This study (curiously from Groningen) concludes beyond a shadow of doubt (in my view) that Dutch girls would rather drink a non-alcoholic cocktail with a plastic insect in it, than say aloud: “It was so horny to have him (the dog) inside me”
      Valuable information doubtless, but need we lose any sleep if it turned out the researchers had faked the entire dataset? When it comes to social psychology I say fake away.

      I am tempted to start an online petition demanding the immediate reinstatement of Diederik Stapel.

      1. I’m tempted to go along with the ridiculing because it is a cheap way to feel better about oneslef, but the best part of me realizes that it is always easy to ridicule research in other fields we really know nothing about. Psychology is special in this respect because most people think that experimental psychologists have nothing to teach them for the very simple reason people live inside their own mind most of the time. Therefore, everybody must be an expert, right? Yet, the same argument is not made for physics or chemistry even though we are all massive physics and chemistry users! There are plenty of phenomena that outsiders would consider ridiculous and a waste of time to study.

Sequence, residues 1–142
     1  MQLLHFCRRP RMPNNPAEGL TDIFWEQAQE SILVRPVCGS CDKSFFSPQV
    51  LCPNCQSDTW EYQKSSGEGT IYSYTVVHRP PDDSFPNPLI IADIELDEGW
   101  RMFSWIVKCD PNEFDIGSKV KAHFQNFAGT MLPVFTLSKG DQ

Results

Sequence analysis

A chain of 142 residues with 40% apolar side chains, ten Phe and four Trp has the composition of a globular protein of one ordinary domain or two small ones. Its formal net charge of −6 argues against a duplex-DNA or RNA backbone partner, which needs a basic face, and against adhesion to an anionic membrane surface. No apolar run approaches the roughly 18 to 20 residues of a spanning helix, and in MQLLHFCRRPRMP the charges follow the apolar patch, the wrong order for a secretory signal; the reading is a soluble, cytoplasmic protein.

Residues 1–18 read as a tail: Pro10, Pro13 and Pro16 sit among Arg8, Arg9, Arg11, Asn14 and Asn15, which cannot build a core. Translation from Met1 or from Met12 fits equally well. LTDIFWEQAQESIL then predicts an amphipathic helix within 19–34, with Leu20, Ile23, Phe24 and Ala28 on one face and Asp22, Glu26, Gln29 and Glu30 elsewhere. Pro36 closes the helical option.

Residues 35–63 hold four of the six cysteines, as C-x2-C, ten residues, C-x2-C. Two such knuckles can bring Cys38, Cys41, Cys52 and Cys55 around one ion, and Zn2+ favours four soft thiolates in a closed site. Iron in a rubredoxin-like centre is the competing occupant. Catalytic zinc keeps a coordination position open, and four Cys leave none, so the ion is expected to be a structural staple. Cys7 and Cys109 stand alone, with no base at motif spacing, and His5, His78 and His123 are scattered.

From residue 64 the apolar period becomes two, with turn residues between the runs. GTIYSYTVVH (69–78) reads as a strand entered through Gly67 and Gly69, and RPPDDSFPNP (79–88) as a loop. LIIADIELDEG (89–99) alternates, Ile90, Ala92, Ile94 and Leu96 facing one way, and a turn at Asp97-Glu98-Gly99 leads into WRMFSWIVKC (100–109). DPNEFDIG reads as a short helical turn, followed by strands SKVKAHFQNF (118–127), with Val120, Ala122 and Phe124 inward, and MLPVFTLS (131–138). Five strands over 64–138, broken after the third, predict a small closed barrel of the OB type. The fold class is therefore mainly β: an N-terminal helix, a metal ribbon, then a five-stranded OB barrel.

However, there are many examples in history of “trivial” phenomena leading to major discoveries in the hands of good and persistent observers.
        The problem here is not the kind of phenomenon under study, Stapel’s subject of study is perfectly legitimate. The problem is the way he was studying such phenomena (or not studying them, since he was just making up data).

        1. “I’m tempted to go along with the ridiculing because it is a cheap way to feel better about oneslef”